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News & Views

When should I fundraise? You won’t like the answer.

by Andy Brown
Insights
|
12th March 2019
When should I fundraise? You won’t like the answer., post image

Raising funds, either seed for your start-up or for Series A, B or C, is distracting and time consuming. What’s more, it’s an activity that usually falls outside company founders’ area of expertise, which means they often try to defer or avoid it. Consequently, entrepreneurs often ask us “when should I be fundraising?”

The answer is simple: if you have a rapidly growing business, you should always be fundraising. Minutes after your latest fundraising round is complete, your thoughts should turn to the next one.

If your new business is really gaining traction, a further complication can be that the amount you needed last month is considerably less than the amount you’ll need next month. You’ve developed your pitch, started conversations and then because things have evolved so quickly, you realise you’ll need significantly more than you thought. That’s exactly what happened with our client AI based tech talent resourcing platform Distributed.

When we started working with Distributed’s founder and CEO Callum Adamson and his team, they were looking for a fairly small investment. Within weeks, having landed some major clients and needing to press on aggressively with the next round of AI development, Distributed’s funding requirements had substantially increased. The original story was scrapped, new plans developed (and then reiterated) which involved approaching a completely different set of potential investors. The Distributed team took on some of the short-term pain in order to get the right investor at the right level. In December 2018, Fuel Ventures invested £1.5m into the company – their biggest investment by a factor of two.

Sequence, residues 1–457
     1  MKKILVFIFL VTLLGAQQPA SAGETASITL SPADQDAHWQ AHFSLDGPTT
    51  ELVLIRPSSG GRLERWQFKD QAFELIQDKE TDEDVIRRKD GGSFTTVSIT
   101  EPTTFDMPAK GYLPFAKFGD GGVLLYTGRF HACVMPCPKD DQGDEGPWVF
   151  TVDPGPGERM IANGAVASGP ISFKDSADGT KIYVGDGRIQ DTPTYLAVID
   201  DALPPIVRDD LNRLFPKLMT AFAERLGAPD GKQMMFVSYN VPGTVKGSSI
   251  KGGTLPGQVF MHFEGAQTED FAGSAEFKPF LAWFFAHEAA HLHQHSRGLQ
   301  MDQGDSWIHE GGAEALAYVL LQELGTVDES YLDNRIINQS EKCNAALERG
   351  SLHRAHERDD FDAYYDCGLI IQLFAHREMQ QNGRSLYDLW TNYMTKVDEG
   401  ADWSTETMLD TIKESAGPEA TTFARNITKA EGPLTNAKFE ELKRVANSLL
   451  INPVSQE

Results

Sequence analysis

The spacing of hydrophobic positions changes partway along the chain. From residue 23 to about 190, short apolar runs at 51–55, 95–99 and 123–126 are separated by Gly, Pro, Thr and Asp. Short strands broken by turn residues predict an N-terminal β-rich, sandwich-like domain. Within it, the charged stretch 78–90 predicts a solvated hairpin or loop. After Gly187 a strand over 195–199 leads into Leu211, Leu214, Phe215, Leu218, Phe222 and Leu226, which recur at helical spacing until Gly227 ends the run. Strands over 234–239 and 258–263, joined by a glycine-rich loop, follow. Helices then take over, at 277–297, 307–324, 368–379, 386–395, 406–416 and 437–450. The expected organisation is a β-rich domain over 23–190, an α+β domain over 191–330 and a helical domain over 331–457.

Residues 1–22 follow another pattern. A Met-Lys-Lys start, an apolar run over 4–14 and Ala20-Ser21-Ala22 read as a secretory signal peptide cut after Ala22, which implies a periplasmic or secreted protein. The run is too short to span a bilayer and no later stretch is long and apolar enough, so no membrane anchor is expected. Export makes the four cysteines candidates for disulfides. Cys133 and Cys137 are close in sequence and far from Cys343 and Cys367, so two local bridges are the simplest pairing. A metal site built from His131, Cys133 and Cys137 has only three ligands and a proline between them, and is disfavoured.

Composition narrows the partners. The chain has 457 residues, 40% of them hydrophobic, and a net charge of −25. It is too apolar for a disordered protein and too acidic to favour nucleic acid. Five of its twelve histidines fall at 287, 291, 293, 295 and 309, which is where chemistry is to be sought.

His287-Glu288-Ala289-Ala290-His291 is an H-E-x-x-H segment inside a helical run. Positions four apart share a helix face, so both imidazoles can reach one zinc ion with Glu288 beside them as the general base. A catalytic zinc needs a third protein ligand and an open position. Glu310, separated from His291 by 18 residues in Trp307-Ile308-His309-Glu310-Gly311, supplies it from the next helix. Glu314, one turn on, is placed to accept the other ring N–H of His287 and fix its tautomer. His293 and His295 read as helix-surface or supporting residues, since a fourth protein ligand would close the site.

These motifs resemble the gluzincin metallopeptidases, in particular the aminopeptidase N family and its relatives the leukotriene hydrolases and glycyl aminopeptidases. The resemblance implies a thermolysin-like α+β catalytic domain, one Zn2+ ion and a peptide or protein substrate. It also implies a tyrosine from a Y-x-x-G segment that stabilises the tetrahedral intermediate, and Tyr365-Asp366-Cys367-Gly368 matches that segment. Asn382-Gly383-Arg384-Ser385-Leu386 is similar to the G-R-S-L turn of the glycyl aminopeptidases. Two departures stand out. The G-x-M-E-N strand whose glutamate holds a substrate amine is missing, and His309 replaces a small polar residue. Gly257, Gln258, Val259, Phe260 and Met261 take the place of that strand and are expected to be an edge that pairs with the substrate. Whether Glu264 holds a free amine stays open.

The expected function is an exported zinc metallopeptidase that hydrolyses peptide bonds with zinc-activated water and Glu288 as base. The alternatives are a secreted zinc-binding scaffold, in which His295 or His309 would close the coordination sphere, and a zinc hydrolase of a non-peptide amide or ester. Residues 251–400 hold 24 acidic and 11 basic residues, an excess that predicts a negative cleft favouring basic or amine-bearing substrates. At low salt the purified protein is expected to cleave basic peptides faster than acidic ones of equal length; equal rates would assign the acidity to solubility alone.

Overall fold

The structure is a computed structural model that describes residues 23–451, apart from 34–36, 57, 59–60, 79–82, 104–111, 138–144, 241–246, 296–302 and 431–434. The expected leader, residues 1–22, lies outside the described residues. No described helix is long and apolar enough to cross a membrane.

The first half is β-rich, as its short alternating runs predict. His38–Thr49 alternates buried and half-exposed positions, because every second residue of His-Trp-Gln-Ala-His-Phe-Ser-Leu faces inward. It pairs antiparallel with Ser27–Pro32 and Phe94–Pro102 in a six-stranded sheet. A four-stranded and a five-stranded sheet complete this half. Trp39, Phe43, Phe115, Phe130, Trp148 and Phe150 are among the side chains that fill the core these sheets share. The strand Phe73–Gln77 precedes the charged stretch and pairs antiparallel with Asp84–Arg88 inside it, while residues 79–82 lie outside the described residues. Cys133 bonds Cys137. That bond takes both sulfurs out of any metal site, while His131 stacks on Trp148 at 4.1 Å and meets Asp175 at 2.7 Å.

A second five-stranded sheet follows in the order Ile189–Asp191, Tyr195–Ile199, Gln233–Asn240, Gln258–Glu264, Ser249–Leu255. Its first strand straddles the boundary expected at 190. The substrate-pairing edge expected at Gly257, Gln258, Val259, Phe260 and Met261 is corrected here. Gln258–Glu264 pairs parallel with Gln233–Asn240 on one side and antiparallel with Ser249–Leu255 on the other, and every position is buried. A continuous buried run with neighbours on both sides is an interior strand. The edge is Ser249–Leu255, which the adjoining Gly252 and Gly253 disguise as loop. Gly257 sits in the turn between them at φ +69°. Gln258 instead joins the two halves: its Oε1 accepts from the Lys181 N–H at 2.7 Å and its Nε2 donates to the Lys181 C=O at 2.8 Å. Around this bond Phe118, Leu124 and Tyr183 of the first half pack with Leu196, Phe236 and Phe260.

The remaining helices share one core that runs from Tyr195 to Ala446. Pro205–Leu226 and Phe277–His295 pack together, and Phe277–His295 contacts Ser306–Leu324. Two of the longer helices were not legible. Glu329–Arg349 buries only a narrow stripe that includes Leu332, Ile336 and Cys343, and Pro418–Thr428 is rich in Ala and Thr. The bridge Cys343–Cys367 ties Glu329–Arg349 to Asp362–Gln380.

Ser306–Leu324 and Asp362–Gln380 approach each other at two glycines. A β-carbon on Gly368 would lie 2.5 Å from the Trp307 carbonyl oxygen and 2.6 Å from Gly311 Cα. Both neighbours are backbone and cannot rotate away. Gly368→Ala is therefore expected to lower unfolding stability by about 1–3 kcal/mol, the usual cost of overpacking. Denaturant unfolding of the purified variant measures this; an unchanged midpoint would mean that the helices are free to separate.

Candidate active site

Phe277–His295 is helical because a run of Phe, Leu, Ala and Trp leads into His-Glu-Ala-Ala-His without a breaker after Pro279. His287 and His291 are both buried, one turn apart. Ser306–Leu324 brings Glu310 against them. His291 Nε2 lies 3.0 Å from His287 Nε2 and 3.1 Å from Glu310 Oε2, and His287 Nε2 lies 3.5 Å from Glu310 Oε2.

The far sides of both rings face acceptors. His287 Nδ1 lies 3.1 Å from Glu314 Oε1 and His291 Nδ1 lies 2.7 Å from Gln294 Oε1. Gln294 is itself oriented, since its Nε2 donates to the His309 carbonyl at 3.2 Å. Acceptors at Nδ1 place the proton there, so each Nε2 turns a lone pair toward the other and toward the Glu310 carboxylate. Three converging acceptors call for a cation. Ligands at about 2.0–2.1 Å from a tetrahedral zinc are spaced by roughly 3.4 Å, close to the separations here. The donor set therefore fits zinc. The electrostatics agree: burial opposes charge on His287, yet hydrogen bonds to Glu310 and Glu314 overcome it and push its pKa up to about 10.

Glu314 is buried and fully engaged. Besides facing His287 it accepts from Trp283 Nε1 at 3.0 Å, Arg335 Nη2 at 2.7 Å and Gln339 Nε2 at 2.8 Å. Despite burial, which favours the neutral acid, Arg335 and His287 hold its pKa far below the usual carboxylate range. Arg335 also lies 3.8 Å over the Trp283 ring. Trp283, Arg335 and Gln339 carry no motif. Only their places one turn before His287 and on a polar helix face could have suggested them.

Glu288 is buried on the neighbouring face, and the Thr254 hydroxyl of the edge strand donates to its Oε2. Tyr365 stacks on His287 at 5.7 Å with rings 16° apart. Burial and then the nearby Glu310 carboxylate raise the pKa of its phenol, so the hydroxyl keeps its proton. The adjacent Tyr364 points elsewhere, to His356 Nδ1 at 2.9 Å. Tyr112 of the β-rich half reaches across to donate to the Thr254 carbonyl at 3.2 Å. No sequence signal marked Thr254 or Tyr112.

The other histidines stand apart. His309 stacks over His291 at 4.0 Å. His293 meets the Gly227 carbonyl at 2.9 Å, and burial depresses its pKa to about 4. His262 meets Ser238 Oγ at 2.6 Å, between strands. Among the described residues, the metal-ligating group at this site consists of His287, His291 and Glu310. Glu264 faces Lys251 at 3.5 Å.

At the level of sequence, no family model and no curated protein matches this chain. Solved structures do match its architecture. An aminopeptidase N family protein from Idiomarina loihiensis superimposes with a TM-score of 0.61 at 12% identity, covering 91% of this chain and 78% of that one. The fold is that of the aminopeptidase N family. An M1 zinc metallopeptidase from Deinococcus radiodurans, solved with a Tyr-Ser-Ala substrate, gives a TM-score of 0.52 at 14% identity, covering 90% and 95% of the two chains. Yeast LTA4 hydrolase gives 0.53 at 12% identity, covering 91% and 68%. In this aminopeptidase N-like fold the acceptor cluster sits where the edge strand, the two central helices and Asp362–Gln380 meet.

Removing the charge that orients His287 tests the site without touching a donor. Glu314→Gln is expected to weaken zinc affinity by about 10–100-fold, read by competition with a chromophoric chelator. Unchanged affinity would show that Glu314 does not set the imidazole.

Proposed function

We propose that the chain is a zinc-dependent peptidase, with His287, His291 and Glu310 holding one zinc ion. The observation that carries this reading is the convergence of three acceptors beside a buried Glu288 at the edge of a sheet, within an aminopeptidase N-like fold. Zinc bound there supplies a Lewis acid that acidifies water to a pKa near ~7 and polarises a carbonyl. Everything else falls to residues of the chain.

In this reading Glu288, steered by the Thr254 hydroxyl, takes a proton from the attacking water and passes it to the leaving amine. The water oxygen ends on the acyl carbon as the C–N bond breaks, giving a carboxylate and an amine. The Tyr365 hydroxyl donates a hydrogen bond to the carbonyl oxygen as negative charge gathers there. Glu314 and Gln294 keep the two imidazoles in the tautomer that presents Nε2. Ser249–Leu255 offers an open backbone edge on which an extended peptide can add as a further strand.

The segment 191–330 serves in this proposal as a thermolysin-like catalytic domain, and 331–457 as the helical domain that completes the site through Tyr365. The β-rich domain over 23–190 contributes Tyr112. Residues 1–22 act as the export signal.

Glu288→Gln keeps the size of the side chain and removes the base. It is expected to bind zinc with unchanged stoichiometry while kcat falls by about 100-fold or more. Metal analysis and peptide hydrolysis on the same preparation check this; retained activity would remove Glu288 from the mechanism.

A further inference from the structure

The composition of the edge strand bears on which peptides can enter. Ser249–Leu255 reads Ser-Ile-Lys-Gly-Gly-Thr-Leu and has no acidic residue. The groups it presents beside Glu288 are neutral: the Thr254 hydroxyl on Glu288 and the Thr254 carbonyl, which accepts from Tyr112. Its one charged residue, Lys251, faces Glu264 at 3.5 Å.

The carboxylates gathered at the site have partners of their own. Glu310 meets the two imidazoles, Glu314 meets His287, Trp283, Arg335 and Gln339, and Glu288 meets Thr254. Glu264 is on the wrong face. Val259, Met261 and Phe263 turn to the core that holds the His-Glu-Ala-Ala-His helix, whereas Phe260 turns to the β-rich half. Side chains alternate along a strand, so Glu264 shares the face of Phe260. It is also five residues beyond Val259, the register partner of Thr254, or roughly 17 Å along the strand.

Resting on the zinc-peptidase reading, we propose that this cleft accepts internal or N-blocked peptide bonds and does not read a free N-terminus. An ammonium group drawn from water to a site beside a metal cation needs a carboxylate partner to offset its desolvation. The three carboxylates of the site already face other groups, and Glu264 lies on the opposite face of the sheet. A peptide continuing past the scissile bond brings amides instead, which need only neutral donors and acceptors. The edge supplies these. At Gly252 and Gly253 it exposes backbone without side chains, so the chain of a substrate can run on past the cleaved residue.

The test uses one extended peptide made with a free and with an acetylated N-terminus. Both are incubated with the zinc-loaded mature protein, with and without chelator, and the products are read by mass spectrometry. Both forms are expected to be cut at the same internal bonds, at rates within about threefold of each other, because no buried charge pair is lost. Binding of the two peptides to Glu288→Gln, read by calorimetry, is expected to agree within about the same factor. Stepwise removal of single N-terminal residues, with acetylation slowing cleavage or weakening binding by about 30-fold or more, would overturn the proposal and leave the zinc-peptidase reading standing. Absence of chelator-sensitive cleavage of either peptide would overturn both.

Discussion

I met with another client last week to discuss growth planning for their new content business. In January we reviewed a seed capital raise of a few hundred thousand pounds. Within four weeks, and with no formal marketing, their service had gained traction with two blue chip companies, meaning that the original funding plan had to be totally re-engineered. They’re now going to need to scale a whole lot faster. It’s exciting when your brilliant idea starts to become tangible, however it’s also nerve wracking when you realise that you’ll need £2m from investors in order to get to the next level. It’s a completely different story, requiring a different type of funding from investors with a different appetite for risk.

So, what are our top five tips in these circumstances?

  1. Early funds are the most expensive – guard your equity like a mother bear guards a cub.
  2. Consider bootstrapping– such as-relying on your personal finances – to allow you to target a bigger raise at a time that suits you. Don’t be afraid to ask friends and family for financial help.
  3. Be prepared to become a specialist in telling your story and raising funds. Evolve your story as your business morphs and changes – your needs change and so will your appeal to potential investors.
  4. Raise enough so that you don’t have to do it again in six months’ time.
  5. Be agile in your thinking, expectations and approach. Don’t obsess about a particular amount you need to raise or get fixated on a specific funding route.

Did you think tip #5 was going to be “and speak to somebody like Waypoint”? My advice would be don’t, at least not straight away. Work out what you can do for yourself before looking for help – remember, investors are buying you and your vision so spend time really thinking about that and articulating it.

That said, once you have taken your planning and visioning as far as you can on your own, working with a growth advisory firm like Waypoint can help navigate the complex funding journey and can also open important doors. When we spot a new company with real potential, we like to take the journey with them, staying close to the founders as it develops. Because we know buyers and investors, we understand what they ‘value’. This knowledge helps to shape how a business should develop, which in turn can inform the funding requirements.

So when should you be fundraising? If you’re leading a robust, fast growth business, you will spend the next five years fundraising. I said you wouldn’t like the answer!

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